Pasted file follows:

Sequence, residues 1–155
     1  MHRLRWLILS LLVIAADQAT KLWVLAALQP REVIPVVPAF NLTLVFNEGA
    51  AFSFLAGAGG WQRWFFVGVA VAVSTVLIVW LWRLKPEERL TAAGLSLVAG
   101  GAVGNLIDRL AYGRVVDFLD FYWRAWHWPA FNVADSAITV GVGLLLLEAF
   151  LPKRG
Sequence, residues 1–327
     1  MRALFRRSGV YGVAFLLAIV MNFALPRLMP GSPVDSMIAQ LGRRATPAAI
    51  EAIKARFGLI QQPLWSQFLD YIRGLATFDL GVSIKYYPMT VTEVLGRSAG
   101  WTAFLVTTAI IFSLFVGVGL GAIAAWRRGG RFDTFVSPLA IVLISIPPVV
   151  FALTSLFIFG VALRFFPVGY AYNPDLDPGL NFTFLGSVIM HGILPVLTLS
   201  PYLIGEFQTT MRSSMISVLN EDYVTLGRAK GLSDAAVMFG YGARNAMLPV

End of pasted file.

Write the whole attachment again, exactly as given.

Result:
Sequence, residues 1–155
     1  MHRLRWLILS LLVIAADQAT KLWVLAALQP REVIPVVPAF NLTLVFNEGA
    51  AFSFLAGAGG WQRWFFVGVA VAVSTVLIVW LWRLKPEERL TAAGLSLVAG
   101  GAVGNLIDRL AYGRVVDFLD FYWRAWHWPA FNVADSAITV GVGLLLLEAF
   151  LPKRG
Sequence, residues 1–327
     1  MRALFRRSGV YGVAFLLAIV MNFALPRLMP GSPVDSMIAQ LGRRATPAAI
    51  EAIKARFGLI QQPLWSQFLD YIRGLATFDL GVSIKYYPMT VTEVLGRSAG
   101  WTAFLVTTAI IFSLFVGVGL GAIAAWRRGG RFDTFVSPLA IVLISIPPVV
   151  FALTSLFIFG VALRFFPVGY AYNPDLDPGL NFTFLGSVIM HGILPVLTLS
   201  PYLIGEFQTT MRSSMISVLN EDYVTLGRAK GLSDAAVMFG YGARNAMLPV